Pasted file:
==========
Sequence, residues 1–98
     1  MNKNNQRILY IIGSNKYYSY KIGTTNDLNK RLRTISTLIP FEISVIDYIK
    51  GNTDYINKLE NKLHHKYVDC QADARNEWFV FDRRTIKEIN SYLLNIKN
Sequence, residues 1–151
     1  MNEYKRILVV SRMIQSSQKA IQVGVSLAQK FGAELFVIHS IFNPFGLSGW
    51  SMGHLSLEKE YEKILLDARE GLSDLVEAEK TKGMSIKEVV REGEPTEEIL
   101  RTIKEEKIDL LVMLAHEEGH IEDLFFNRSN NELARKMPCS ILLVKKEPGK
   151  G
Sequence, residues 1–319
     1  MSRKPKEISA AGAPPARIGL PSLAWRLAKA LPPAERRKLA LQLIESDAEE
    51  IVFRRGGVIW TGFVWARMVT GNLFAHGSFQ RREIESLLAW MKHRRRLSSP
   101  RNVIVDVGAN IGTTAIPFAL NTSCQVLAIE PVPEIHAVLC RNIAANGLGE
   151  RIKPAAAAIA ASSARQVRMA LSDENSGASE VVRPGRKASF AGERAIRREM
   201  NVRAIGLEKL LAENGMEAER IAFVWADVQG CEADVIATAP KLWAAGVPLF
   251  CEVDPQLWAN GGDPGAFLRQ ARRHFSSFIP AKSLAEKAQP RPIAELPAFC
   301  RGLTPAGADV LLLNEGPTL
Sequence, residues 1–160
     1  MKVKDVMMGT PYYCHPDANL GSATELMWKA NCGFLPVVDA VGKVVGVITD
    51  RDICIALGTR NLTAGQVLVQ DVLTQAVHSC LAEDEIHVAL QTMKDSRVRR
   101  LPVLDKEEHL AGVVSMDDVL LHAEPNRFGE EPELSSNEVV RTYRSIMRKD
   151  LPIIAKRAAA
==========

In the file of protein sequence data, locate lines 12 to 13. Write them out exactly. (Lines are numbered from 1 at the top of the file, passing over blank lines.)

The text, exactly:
   101  RNVIVDVGAN IGTTAIPFAL NTSCQVLAIE PVPEIHAVLC RNIAANGLGE
   151  RIKPAAAAIA ASSARQVRMA LSDENSGASE VVRPGRKASF AGERAIRREM